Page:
Tori Bovalino's Not Good For Maidens is a riff on Christina Rossetti's Goblin Market. In Not Good For Maidens, a young woman from a bloodline of witches is faced with the daunting task of venturing into the goblin market in search of her beloved aunt who may have fallen prey to the goblins' enticements. Running parallel to that story is the tale of a different aunt's tragic involvement with the goblin market in the past. Overall, Not Good For Maidens is a decent read, particularly for younger readers, but I do think it could have gone much harder, especially given the rich context of Rossetti's poem. The problem with Not Good For Maidens is that living up to the promise and power of Rossetti's poem is not a task many modern authors are really equipped to tackle. The best thing this novel can do is lead young readers to Rossetti's poetry.
As a riff on a classic Victorian poem, Not Good For Maidens is not the book I think it should be, which may well be an unfair criticism, but I think comparison between the novel and Rossetti's poem is inevitable given the context. To my mind, Christina Rossetti's Goblin Market is a poem of seductive horrors. In contrast, Bovalino's novel is planted too firmly in the young adult "urban fantasy" mode, and any seduction is in short supply within its pages. Though there is horrific content in it, Not Good For Maidens soft-pedals where it should attempt to disturb and challenge the reader. The form of the novel also detracts from its themes; the prose needs to be more seductive, artful, and brimming with monstrous excess, and the words need to carry more sexual threat. Without that, Not Good For Maidens feels pale and fainting in comparison to the strenuous ardor of Rossetti's poem.
Case in point, the protagonist is notably asexual, so the potential to do something interesting by juxtaposing the goblin market's enticements against her lack of desire certainly exists--but that element isn't explored in any depth. Similarly, the protagonist's strange, semi-sensual fixation on her aunt doesn't reach the fevered pitch of the powerful and unnameable force of sisterly love in Rossetti's work.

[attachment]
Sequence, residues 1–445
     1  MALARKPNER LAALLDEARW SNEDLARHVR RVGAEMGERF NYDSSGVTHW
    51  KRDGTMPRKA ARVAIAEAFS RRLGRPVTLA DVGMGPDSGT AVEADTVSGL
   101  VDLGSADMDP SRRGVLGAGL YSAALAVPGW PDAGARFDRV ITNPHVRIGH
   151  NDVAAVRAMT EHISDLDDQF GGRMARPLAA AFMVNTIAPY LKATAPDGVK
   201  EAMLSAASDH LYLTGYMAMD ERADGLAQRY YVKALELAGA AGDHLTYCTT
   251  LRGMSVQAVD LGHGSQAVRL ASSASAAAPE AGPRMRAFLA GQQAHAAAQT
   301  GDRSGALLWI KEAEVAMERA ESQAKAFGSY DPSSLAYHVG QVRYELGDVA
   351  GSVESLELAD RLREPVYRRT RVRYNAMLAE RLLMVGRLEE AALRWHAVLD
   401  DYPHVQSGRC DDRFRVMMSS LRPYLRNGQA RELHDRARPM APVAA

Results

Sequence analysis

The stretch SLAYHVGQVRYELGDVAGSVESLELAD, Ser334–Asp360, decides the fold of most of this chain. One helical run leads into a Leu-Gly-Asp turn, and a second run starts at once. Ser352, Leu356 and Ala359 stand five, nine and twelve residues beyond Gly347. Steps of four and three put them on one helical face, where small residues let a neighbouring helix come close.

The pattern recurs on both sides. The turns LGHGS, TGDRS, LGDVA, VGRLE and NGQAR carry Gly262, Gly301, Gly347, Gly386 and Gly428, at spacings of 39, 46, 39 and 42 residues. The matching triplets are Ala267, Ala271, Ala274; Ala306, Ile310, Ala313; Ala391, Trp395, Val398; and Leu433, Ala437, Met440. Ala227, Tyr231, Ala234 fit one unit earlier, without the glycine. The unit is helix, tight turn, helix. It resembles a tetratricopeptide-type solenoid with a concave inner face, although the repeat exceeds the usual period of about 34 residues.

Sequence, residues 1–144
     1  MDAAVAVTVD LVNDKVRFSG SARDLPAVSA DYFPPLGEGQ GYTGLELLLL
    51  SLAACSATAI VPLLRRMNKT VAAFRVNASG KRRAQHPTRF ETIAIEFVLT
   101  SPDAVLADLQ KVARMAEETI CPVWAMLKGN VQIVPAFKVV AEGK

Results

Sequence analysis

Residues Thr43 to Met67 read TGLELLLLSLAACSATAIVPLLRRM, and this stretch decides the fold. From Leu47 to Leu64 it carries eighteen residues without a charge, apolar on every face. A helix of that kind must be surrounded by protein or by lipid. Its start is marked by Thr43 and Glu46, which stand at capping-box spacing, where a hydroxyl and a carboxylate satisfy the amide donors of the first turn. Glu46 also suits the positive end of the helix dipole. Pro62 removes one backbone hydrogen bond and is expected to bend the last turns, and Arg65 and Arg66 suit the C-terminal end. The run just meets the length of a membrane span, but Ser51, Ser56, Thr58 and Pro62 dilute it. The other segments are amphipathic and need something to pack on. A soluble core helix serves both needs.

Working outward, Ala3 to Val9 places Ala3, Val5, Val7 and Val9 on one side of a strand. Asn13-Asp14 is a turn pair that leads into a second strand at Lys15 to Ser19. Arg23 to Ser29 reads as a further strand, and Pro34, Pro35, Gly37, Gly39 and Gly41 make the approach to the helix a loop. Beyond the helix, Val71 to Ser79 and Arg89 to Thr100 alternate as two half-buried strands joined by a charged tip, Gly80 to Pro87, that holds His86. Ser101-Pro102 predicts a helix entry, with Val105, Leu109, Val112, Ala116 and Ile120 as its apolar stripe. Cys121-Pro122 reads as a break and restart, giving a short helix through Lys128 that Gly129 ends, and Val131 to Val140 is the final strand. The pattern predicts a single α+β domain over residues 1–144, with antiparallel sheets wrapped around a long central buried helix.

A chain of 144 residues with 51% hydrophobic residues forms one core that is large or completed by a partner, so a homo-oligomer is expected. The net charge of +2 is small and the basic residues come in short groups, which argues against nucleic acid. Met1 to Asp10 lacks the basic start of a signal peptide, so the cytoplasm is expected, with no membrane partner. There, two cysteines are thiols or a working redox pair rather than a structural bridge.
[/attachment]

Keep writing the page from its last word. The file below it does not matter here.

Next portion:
I also question the author's word choice at various points. Too often, the protagonist is "scampering" away in terror. Scampering? That's like saying someone frolicked in dread.
I know that a considered focus on world-building is often a great curse upon all nations, but the world-building in Not Good For Maidens would benefit from narrative clarification or revision because I'm not sure it makes sense. The goblin market seems to be a known quantity (even the British government is aware of it and when people re-emerge from the market with strange injuries and bearing stranger curses, people know to take its victims to a group of witches in York that can help them), but the American protagonist has somehow never heard of it? Despite the fact that her family members are the witches who help people recover from goblin wounds in York?
The way the goblin market and its denizens are portrayed feels unreal, as opposed to fantastical or even dream-like, which works against the book's themes, its characterization, and its coherency. If the goblin market were real and known, there would be YouTubers and TikTokers making crass videos about it. But in the fictive world the novel presents, knowledge of market's existence is vague and often feels like it comes into focus only at the narrative's convenience, making the stakes of Not Good For Maidens feel flimsy and inconsequential as a result.